Assassination Adventure, 1988. Directed by Mark Allen. Macintosh Apple IIgs/Apple IIc Plus, 1/2 inch VHS; 3 minutes, 21 seconds; color; sound.

During the late-80’s in Dallas I was a video artist. It was a hobby. Today, the term “video art” is somewhat extraneous, but back then—and in Texas—work of this nature needed a category. Some of my work showed at places like the Starck Club, a few small gallery exhibitions in Dallas and Denton, and even on the local PBS channel. This is a piece I created in 1988 titled Assassination Adventure. It imagined a cheesy video game based on the assassination of John F. Kennedy. It was created specifically for the Dallas Video Festival (an ahead-of-its-time organization, then still in its infancy). The festival’s “Local Show” (aka: ‘The Dallas Show’) that year featured 22 Texas video artists, and had the 25th anniversary of JFK’s assassination as its theme.

The images for this piece were created on a Macintosh Apple IIgs, or maybe an Apple IIc Plus (I think). I was in the graphic design school at the University of North Texas, and that’s what we used—or tried to use—in my Computer Graphics course (the course, and those antediluvian computers, were new to the curriculum that year, and both were considered extremely edgy). Since the computers didn’t have an animation program, I had to create separate stills and then run through them by clicking the mouse, then record that with a VCR hooked to the back of the computer, which also needed some other kind of filtering device I’d checked out from the RTV&F department. And, I had to get it all on tape in real time, no editing. I remember my CG instructor, Susie Cherry, becoming exasperated as she stayed late with me in the art building, acting as a second set of arms as she pushed the VCR record button over and over and kept repeating “Now…what is this for again?” The soundtrack is the result of my friend Lance and me going to a 7-11 in Denton late at night and playing a video game (I think it was Galaxian or Galaga) while I held a tape recorder up to its speaker. It’s funny to see the results now. Back then, when it came to stuff like this, if you didn’t have a television studio or work at Pixar, you had to jerry-rig everything just to try and get the desired effect. Of course I wanted it to look like a cheesy video game, but even within that capacity it looks absurdly amateur (these days, 5-year-olds can make CG stuff far superior to this in five minutes, on their cell phones—which come free in breakfast cereal boxes). I remember I showed someone a tape of this piece in the 90’s and I thought it was just excruciatingly awful. But now…seeing it 20 years later, I think the piece developed a strange kind of value. It’s like a finger painting.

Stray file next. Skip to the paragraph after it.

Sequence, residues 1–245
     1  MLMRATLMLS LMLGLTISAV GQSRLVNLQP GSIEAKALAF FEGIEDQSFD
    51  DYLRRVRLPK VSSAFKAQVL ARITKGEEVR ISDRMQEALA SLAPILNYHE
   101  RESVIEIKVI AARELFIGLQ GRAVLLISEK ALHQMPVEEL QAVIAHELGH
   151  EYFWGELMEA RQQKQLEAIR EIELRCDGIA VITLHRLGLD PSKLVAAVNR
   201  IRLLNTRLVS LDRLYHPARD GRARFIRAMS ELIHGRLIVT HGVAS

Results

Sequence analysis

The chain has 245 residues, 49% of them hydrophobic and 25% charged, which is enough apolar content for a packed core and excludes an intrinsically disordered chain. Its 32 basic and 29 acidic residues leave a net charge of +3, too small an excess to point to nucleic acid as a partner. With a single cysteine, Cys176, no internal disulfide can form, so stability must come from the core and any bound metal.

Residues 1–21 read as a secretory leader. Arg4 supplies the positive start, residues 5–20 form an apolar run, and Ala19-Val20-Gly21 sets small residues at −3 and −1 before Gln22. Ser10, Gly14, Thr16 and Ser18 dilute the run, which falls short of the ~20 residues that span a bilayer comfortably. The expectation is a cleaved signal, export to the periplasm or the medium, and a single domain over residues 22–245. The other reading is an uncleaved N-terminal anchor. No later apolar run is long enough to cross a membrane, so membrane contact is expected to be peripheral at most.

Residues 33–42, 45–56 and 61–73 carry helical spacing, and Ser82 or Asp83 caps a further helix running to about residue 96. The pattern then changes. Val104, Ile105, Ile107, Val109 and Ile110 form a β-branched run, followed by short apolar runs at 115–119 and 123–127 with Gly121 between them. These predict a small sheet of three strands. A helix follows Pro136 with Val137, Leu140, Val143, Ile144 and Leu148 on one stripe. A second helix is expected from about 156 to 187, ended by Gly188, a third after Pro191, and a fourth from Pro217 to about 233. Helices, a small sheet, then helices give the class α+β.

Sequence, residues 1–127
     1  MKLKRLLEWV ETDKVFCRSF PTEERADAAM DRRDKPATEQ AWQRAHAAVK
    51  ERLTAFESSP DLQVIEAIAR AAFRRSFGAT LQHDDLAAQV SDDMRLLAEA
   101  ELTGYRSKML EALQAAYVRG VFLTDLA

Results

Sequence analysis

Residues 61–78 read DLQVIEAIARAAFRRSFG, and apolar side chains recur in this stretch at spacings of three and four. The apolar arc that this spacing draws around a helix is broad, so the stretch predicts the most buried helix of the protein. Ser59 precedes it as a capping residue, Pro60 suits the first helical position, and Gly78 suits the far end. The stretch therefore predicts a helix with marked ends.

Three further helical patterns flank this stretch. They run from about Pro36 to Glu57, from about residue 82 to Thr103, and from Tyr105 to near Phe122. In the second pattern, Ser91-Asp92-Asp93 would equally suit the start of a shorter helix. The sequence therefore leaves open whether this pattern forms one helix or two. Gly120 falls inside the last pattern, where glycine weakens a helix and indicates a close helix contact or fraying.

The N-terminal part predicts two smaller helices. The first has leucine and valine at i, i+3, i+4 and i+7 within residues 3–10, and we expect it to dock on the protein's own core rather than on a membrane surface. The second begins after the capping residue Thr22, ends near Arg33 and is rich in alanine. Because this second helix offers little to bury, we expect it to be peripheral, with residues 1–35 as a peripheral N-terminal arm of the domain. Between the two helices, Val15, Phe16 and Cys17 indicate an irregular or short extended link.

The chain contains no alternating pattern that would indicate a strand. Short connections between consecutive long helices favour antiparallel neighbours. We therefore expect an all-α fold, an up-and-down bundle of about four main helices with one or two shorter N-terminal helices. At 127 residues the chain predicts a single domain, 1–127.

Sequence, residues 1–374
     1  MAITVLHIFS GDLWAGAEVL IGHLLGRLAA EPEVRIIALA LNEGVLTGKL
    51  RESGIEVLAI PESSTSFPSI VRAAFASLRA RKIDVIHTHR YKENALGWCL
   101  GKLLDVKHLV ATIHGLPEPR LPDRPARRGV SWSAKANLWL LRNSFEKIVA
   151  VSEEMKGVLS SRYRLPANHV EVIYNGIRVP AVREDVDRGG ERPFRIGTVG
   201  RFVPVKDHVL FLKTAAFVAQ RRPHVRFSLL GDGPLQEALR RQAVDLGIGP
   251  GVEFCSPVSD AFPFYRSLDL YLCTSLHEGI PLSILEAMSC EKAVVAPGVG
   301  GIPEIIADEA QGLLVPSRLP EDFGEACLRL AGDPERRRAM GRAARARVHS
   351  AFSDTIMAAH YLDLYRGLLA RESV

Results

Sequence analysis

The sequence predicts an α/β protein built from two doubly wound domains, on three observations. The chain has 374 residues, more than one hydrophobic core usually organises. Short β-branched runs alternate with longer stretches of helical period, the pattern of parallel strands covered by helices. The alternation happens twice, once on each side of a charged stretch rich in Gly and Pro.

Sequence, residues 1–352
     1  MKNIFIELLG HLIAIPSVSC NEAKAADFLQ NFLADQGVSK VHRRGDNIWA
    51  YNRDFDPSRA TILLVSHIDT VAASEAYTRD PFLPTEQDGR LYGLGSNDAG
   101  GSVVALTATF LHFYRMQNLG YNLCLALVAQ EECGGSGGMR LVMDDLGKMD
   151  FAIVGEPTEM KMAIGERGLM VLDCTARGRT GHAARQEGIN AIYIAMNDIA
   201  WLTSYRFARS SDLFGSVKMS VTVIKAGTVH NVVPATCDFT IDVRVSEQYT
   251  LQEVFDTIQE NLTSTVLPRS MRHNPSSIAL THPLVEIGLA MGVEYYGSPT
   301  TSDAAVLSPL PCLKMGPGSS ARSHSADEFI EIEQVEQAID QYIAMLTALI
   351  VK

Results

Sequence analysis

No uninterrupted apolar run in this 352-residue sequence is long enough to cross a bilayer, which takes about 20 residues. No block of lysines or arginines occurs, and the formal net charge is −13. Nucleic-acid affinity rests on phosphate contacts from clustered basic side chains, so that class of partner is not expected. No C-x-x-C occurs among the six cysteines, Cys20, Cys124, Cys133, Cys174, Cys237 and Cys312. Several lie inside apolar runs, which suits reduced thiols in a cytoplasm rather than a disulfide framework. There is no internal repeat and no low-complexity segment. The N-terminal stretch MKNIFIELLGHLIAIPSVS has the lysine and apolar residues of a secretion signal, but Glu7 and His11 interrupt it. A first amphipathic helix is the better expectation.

Back in 1988, that year’s DVF “Local Show” was reviewed by the culture critic at The Dallas Observer. I remember it was the first time anything I’d ever done had been written about in any sort of press. I was ecstatic. The reviewer singled mine out as the most “shocking” of the collection, and I think concluded with something like “Mark Allen’s Assassination Adventure is blasphemous, cheeky fun…” or something like that (I would love to find a copy of that old review).

That weekend the 22 pieces that made up the “Local Show” were screened in the film theater of the Dallas Museum of Art, for closing night of the DVF. I made the mistake of bringing my parents to celebrate the honor. I though having a 19-year-old son who’s work was being shown at a major art museum was pretty great! They were good sports, but before my piece screened at one point my mother looked at the other work, and the crowd packed into the theater, and told me she thought everyone there “hated the world.” Then as the audience broke into uproarious applause after my piece ended, my father leaned over and scowled with a smile, “Mocking a great American leader? Ehh…not the best thing, son.” I then had to escort them both as they almost sulked back to the museum parking lot.

Of course what some readers of my site will probably find most interesting is the short…um, interview with me that follows the piece. The DVF guys thought it would be interesting to briefly talk to each artist about where they were when Kennedy was shot, and show each interview following the artist’s piece. I was the youngest in the show, and hadn’t been born when it happened, so I tried to make a joke about this. Tried. I didn’t have a way with words…no, I didn’t even have any words, and I ended up making love loathe to the camera. I was so beyond inarticulate, in comparison today I make George W. Bush sound like Bill Clinton (maybe it’s something in the Texas air—ok, it was taped at 7 AM on a rainy morning in some studio on the outskirts of Collin County, and the hot lights were turning my eyelids into bacon). I was so painfully self conscious, the taping was like a whole other assassination…of me. When I watch this clip of myself now, I cringe so deeply my chest almost forms a black hole. So, obviously I have to share it with everyone. And yes, I really used to talk like that.

The idea of a computer game based on the assassination of JFK has recently become a reality.